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December 08, 2009


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great blog, thanks for the info.


Can we say FAST is the Compellent counterpart but (much) more cheaper and not as advanced?

I guess the wide availability of the EFD at EMC has leveraged FAST :)



I also thought that this is just the same thing Compellant has been doing for years. Question is .. Is EMC going to be charging for this?

Chad Sakac

@pironet, @za_mkh - there's no question that Compellent was the first mover (IMO) around "automated tiering". I certainly don't think we're trying to take away from that. Analagously, Thin Provisioning had 3PAR being the first mover. Datadomain was the first mover for target-based data dedupe. Copan was first mover on dense storage configs. Netapp was first mover on unification of NAS and block. EMC was the first mover on consistency tech (years ago) EFD in enterprise arrays (recently), and the idea of scale-out x86-based enterprise (any IO served by any port/brain/cache/bus/disk + support for open systems and mainframe) platforms.

Each of us innovates in different ways, each of us does something first. When someone does something that is a good idea (fully automated data movement/optimization) - the industry as a whole moves.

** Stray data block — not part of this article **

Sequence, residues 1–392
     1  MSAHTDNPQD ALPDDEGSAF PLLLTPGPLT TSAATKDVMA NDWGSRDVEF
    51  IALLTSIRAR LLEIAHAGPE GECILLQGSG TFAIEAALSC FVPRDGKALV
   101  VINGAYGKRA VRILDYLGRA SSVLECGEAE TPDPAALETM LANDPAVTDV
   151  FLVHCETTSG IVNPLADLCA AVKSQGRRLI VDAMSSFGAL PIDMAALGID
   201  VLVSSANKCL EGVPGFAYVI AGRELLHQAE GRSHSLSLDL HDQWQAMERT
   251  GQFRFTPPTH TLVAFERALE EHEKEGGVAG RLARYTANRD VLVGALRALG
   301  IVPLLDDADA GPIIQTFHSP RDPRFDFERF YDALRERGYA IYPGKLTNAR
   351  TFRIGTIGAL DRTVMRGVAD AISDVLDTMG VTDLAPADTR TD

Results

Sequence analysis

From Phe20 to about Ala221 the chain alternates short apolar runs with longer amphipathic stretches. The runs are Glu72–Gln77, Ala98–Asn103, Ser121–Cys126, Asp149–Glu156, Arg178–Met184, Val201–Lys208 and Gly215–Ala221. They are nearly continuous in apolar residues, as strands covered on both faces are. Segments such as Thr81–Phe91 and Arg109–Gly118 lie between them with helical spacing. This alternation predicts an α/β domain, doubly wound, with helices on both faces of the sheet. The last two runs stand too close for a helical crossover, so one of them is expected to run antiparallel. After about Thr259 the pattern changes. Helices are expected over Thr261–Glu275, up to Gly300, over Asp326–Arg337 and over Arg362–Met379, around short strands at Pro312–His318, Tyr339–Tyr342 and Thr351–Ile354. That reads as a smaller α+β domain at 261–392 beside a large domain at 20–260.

I think eventually this idea of leveraging multiple tiers automatically will (likely) become something everyone needs to do.

What we think we do well:

1) we think that the maximum value of the idea of FAST comes from EFD coupled with massive (but very slow) SATA/SAS (we now offer 2TB SATA in our configs)
2) at very large scale - the number of simultaneous moves and speed/impact of the mobility actions becomes really, really important.

These are just some of the things we think people will like about FAST.

Also, of course, there are loads (loads!) of things we do on top of FAST. Think VMware integration (vCenter plugin and vCenter API), production dedupe on NAS (heck, NAS in general). Support for dense configurations (30 disks per 3U) came out (as well as thin zero reclaim on symm).

Will we charge for this? The FAST pricing starts between $5K-22K.

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